Most Mainers are familiar with the tradition of barn raising, in which community members meet the challenge of building a barn by coming together to do the work collaboratively. Barn raisings aren’t nearly as common as they once were, but the tradition of community members uniting to build something lives on.

A case in point is Gardiner Area Thrives, a coalition of volunteers from Gardiner, Pittston, Randolph and West Gardiner that is working to reduce youth substance use and build communities where youth thrive.

Since 2019, Gardiner Area Thrives, in partnership with Healthy Communities of the Capital Area, has benefited from federal funding from the Drug Free Communities program. The philosophy behind it is that local substance use (use of alcohol, marijuana, prescription drugs and tobacco) and drug problems require local solutions; therefore, funding goes to support community-based coalitions that work collaboratively to promote healthy choices and prevent youth substance use.

Gardiner-area members include parents, organization and business representatives, and other community members, as well as representatives and students from School Administrative District 11, all of whom have agreed to work together toward the common goal of building a safe, healthy, and drug-free community.

During the few years, Gardiner Area Thrives members have collaborated on ways to prevent substance misuse, provide community and school supports, promote positive adult-youth connections, increase opportunities for youth engagement and leadership, and engage in other evidence-based actions to reduce youth substance use and increase individual and community assets over time. To name just one example, Gardiner Area Thrives has disseminated prevention messages throughout the area and online via Facebook.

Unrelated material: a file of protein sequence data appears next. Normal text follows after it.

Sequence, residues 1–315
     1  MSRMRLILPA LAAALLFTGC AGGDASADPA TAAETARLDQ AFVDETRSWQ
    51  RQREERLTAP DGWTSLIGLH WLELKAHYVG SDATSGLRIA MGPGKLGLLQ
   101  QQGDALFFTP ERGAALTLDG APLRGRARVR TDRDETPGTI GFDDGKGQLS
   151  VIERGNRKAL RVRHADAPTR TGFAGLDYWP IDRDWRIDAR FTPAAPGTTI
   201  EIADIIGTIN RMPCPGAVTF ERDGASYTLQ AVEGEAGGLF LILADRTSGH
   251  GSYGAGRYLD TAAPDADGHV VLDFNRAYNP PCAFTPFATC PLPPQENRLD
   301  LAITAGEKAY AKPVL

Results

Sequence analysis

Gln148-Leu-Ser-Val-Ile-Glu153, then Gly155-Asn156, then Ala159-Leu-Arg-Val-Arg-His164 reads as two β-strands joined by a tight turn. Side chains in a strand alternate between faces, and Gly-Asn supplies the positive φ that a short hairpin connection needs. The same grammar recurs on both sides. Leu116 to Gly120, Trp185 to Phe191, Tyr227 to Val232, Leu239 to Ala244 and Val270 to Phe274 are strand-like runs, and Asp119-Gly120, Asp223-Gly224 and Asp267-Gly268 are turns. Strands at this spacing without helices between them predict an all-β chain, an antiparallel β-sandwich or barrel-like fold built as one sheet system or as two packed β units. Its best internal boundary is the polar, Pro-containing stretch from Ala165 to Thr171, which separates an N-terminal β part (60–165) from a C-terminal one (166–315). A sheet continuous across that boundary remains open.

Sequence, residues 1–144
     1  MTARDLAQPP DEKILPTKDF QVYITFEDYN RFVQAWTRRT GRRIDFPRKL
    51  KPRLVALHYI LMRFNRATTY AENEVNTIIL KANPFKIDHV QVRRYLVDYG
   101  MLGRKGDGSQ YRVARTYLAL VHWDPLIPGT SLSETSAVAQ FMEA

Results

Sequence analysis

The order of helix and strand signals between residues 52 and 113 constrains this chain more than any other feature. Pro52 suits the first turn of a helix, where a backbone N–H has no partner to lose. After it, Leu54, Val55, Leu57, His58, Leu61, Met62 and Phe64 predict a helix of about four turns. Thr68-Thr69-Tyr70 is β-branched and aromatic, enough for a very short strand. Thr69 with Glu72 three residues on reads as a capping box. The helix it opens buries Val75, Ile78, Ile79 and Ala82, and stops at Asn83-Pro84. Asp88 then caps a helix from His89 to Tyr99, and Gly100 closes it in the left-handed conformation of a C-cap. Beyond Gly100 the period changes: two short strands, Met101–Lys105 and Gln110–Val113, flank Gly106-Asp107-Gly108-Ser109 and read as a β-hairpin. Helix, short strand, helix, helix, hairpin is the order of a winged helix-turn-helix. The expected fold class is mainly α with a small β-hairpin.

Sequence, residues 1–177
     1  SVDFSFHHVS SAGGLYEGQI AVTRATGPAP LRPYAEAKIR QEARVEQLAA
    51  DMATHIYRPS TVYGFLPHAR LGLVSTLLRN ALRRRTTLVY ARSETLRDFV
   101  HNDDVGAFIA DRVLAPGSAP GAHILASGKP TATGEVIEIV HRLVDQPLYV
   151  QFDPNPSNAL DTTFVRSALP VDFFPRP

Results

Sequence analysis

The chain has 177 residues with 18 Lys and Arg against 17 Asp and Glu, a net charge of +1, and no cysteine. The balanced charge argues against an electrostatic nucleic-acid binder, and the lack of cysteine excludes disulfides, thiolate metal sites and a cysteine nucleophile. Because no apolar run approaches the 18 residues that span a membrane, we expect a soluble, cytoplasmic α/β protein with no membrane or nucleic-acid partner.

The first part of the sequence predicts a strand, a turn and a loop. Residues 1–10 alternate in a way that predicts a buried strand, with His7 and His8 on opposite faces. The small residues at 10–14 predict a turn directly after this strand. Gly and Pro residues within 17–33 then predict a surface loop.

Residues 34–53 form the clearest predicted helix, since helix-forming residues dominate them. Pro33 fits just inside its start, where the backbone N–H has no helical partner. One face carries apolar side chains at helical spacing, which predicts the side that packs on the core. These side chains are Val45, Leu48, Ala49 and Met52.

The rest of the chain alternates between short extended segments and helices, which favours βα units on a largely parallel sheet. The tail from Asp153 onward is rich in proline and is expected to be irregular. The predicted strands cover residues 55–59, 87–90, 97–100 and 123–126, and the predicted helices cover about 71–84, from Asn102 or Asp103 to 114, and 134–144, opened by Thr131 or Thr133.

One of the key features of this effort is having youth volunteers provide advice and input on ways for all members to work together to reduce youth substance use, including by addressing trauma and engaging youth in more supportive and extracurricular activities. Youth have provided important perspectives that have proven to be invaluable.


In spite of parents being overwhelmed and students not being in school due to the pandemic, last year Gardiner Area Thrives was able to facilitate and receive feedback from parent surveys and from focus groups conducted with middle-school (grades 6-8) and high-school (grades 9-12) students at SAD 11. The parents were surveyed about their views about youth substance use, and the students were asked to share their observations and perceptions about the use of alcohol and marijuana, as well as vaping, at school and in the community.

We discovered that by far the biggest area of youth substance use is vaping, with the students reporting that half of all youths are vaping. The parents are very aware of the problem. When asked, “How big of a problem would you say that youth e-cigarette, vaping, and Juul use are in our community?” 64% of the parents responded, “Extremely big” and another 29% responded, “Slightly big.”

We also learned that the majority of parents agree with the statement, “Substance abuse among youth is a serious issue in our community.” They are having conversations with their middle- and high-school-age children about substance use and making their children aware of their expectations. This is gratifying, because Gardiner Area Thrives has promoted the fact that youth whose parents to talk to them about the dangers of substances early and often are far less likely to use substances than those who do not receive these critical messages at home.

Barn raising often culminated in a celebration of community achievement and spirit. Gardiner Area Thrives members have worked collaboratively to promote healthy choices and prevent youth substance use. That’s worth celebrating, too.

Carrie Arsenault, a parent, and Julia Montell, a high school student, who live in Gardiner, and Nora Diversi, a school nurse who lives in West Gardiner, are the tri-chairs of the Gardiner Area Thrives coalition.

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